Why do so few people read Crabbe today? By way of introduction, James explained why this is not a new question. Though he counted Thomas Hardy, Jane Austen, Walter Scott, Ivan Turgunev, Leo Tolstoy, George Eliot and Elizabeth Gaskell amongst his admirers, Crabb quickly fell out of favour in the 19th century:

“What the novel does in the nineteenth century takes its seeds in what Crabbe is doing in poetry, and partly because he was writing in poetry, he quickly went out of fashion”

Against, Virginia Woolf’s alignment of Crabbe with weeds, James suggested that

“On the whole, Crabbe tends to describe the mallow and the bugloss, not because he thinks of them as weeds, but rather because he thinks of them as native species. That word native is used extensively in his writing to think about place, to think about people, to think about plants. These plants aren’t described by their not belonging, but rather the reverse. Crabbe is drawn to them because they belong to the specific places he describes.”

Discussing  The Borough (1810), James presented an astonishing case for how Crabbe deployed a taxonomical arrangement to articulate similarities and differences, order and disorder, amongst his characters, places, and environments:

“The emphasis on locality in these works indicates an almost proto-ecological interest in nature which appears even more prominent in a work he proposed to write on trefoils. In this he declared an ambition to give ‘a narration of the progressive Vegetation of the spot it grows on, etc. etc. etc’; the emphasis clearly placed on the way that habitats change through successions of plant life.”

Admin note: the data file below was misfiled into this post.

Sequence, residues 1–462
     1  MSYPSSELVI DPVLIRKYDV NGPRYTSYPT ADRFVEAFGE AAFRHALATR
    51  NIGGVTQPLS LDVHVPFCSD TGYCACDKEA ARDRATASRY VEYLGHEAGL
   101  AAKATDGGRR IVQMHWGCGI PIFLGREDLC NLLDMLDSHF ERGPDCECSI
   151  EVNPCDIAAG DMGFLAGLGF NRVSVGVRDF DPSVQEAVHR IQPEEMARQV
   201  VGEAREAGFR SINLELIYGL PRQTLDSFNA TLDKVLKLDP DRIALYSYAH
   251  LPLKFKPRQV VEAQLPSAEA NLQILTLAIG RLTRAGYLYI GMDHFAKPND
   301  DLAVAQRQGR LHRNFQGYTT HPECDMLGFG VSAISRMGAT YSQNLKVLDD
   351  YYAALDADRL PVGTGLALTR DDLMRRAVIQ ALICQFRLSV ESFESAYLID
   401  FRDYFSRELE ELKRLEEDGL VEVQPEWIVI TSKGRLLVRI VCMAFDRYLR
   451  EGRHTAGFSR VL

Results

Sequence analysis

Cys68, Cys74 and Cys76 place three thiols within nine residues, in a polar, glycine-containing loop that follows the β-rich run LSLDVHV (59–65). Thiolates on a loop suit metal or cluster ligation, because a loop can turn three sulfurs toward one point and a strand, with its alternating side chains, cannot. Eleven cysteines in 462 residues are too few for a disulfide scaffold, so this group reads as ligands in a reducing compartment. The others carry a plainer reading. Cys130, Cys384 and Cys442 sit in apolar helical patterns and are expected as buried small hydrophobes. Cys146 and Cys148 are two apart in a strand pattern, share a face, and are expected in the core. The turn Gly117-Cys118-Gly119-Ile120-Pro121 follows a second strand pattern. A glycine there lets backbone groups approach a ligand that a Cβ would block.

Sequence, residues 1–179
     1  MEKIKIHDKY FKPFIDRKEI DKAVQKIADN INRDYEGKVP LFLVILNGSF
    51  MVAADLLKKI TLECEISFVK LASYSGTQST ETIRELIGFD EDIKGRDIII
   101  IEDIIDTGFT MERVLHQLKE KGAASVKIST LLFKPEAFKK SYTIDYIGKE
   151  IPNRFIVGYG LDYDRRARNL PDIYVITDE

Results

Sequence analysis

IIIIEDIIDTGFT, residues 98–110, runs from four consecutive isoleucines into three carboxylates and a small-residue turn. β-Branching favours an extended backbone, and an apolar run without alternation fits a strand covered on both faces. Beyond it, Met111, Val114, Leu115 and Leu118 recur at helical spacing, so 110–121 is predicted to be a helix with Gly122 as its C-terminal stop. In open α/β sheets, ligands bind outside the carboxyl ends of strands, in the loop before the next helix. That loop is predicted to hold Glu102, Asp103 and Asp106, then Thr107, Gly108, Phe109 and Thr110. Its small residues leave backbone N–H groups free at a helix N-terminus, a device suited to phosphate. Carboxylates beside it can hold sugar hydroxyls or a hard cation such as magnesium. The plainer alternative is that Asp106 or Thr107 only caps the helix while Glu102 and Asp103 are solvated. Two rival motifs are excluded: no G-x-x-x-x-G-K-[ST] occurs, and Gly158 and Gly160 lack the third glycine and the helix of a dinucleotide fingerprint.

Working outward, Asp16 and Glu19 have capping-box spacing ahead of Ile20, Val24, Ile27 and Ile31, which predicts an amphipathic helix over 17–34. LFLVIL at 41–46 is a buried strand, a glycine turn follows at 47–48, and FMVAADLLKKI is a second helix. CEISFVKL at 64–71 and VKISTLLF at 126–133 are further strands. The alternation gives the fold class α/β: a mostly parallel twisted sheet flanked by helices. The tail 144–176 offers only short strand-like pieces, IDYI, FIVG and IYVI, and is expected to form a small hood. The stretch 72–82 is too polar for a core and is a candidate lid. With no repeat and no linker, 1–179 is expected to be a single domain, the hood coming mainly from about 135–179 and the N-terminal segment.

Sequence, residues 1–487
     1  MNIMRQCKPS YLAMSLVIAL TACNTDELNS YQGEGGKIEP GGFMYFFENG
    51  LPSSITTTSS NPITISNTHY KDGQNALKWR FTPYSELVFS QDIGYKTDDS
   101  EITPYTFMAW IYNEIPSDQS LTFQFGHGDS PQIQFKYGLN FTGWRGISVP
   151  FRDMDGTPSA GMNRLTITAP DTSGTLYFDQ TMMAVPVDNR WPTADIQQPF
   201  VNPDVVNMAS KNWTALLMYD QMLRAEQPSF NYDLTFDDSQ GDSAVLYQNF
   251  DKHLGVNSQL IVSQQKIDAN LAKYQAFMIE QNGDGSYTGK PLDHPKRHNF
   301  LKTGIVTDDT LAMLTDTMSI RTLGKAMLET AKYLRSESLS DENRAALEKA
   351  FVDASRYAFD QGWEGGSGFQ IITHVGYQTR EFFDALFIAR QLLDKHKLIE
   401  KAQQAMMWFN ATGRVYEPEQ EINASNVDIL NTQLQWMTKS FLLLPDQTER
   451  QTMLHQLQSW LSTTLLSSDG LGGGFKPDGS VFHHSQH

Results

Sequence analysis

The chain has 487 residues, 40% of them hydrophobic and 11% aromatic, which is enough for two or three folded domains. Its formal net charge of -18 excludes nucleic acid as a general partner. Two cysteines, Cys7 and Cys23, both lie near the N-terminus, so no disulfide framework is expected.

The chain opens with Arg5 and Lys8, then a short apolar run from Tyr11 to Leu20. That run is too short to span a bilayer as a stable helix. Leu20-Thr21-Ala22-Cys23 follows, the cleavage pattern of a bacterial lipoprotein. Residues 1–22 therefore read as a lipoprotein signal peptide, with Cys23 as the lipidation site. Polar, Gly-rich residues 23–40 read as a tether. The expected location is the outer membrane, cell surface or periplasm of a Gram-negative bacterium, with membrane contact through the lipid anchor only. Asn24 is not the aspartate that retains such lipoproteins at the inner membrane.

James ultimately argued that in The Borough

“Crabbe show the relationship between botany and place. There is offered a particular bed that fits the seed. He considers how over time a place may change due to the succession of plants which dwell there. And it is this level of narrative which he felt was lacking from simple taxonomic arrangement, and why in both his botany and poetry he moved towards a more ecological approach. Crabbe botanical interests, far from being mere adornments to the poetry, are integral to his narrative and thematic development. His descriptions of plants and landscapes are not just backdrop but they are interwoven with the human stories that he tells.”



Cotman, Aubrey, and the Neglected Places 

with guest speaker Prof. Peter Davidson (Oxford)

Monday 27 November

In November 2023, for the first research seminar of our new project ‘Pioneers of Local Thinking, 1740-1820’, we welcomed Prof. Peter Davidson to Birmingham for a discussion of John Sell Cotman and John Aubrey. Peter is Senior Research Fellow in Renaissance and Baroque Studies and Curator of the Campion Hall Collection in Oxford. He has authored monographs on the verse of Richard Fanshawe and Robert Southwell, as well a trio of acclaimed texts on landscape art: The Idea of North (2005), Distance and Memory (2013) and a cultural history of twilight The Last of the Light (2015).